Whether through offshore sourcing, manufacturing, selling, R&D - or some combination of the above -the value chains of most companies today are dispersed around the globe. The result is an exponential increase in supply-chain complexity and in the difficulty of synchronizing supply and demand.
In a series of in-depth studies, Deloitte Research, New York and London, is examining this trend. Its Global Supply Chain Benchmarking Series is based on surveys of 600 mostly large, global manufacturers in the U.S. and Europe. The report, released last year, "Mastering Complexity in Global Manufacturing," revealed that nearly all of these manufacturers now view the entire world as their market and as a place to sell, source, manufacture and engineer their goods. More than 80 percent sell outside their home regions and just over half (53 percent) have shifted production to lower-cost areas such as China, Mexico and Central and Eastern Europe. Additionally, three out of five of these companies outsource at least portions of manufacturing and engineering.
The drivers of these trends are many, according to Deloitte, and include immense margin and cost pressure from increasingly large customers, the mandate to cut engineering costs because of the growth in new products, and the need to build markets in emerging economies.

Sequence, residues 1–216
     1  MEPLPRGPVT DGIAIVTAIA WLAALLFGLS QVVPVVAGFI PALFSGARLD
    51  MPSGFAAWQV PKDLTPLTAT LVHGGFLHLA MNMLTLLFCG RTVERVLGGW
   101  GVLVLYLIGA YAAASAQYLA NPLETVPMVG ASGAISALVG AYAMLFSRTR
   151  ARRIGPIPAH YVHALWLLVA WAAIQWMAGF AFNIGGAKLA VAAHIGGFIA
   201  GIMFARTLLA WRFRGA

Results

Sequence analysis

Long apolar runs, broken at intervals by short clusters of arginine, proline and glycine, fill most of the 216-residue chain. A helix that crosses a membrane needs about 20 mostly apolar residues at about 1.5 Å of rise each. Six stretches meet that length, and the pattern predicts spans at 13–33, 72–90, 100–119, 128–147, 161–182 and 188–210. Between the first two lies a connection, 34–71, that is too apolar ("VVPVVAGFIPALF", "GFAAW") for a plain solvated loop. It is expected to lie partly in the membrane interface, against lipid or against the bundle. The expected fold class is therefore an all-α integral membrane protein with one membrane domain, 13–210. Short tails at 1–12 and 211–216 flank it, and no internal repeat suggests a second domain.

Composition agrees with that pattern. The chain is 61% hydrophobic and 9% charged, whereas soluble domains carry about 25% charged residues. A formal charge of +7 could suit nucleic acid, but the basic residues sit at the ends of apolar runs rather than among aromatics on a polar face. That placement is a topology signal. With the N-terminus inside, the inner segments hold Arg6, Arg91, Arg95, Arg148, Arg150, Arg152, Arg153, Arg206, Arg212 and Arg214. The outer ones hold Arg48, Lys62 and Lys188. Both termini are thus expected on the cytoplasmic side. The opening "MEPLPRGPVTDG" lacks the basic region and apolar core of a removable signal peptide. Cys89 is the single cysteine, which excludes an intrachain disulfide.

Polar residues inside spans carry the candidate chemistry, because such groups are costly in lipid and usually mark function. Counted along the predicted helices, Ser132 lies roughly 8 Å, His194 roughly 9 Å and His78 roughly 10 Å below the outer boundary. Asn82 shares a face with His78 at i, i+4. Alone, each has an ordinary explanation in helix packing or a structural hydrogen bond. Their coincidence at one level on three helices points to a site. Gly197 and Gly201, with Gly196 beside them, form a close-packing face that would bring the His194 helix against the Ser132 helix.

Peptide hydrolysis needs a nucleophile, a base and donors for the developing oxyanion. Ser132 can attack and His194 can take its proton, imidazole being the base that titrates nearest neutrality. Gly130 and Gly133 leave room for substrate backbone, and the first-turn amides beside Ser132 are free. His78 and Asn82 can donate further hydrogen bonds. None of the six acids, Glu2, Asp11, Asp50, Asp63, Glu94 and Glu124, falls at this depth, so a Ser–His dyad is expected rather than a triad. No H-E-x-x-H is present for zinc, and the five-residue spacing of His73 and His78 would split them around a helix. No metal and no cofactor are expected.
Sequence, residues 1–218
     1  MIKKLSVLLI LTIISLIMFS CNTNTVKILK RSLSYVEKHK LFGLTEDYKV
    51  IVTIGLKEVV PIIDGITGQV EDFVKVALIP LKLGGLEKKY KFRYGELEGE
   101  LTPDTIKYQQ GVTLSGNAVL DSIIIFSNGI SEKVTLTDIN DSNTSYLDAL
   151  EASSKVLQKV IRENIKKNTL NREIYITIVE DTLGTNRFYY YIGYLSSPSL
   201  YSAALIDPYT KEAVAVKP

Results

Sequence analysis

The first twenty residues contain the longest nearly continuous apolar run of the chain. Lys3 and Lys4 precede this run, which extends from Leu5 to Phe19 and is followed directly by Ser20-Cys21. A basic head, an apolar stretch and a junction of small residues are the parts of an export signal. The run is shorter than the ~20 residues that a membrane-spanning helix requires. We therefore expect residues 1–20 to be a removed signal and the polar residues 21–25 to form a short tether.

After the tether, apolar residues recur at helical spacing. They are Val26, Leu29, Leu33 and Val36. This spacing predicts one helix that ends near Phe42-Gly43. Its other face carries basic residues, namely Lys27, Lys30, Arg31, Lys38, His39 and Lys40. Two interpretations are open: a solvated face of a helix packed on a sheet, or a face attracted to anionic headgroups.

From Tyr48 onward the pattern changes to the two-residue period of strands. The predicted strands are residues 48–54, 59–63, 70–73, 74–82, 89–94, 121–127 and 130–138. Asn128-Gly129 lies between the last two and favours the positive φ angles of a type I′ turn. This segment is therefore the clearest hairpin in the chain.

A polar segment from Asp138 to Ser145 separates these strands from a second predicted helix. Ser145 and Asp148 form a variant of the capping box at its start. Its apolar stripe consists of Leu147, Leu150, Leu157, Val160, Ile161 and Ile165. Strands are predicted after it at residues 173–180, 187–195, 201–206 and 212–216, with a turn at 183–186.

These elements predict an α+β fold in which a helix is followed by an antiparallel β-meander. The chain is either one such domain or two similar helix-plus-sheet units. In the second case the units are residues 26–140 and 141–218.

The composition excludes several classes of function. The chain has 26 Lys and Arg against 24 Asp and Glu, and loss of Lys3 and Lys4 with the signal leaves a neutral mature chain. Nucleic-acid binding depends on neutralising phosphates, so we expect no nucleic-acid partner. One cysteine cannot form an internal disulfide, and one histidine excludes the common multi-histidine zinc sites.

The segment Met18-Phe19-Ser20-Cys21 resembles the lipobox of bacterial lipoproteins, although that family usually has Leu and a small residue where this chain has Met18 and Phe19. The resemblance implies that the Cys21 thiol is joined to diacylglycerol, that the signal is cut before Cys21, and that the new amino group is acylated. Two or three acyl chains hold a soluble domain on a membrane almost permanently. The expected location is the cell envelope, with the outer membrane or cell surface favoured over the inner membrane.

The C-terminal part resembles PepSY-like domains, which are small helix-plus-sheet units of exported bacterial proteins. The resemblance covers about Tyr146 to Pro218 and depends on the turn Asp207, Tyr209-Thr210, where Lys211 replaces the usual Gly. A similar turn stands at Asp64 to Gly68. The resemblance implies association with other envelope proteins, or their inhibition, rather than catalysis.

But while most companies seem to embrace globalization, few are well prepared for the transition. Indeed, for the majority of companies surveyed in this study, globalization and mounting value-chain complexity had an unpleasant side effect: lackluster business performance. Gains from lower-cost offshore operations or entrance into new markets were more than offset by additional costs, operational problems and quality risks.
"What we are seeing is that companies are going global in piecemeal fashion," says Peter Koudal, director of Deloitte's Manufacturing Institute. "We see very few companies putting together the pieces on a global scale, optimizing their plan and making the right decisions from a global point of view."
|"By far, the number one stated imperative for revenue enhancement was innovation and new product indroduction and development."|
- Doug Engel of Deloitte Consulting
|"The ability to model the supply chain is the difference between engaging as a business partner as opposed to a functional vendor."|
- Bill Gordon of Caterpillar Logistics
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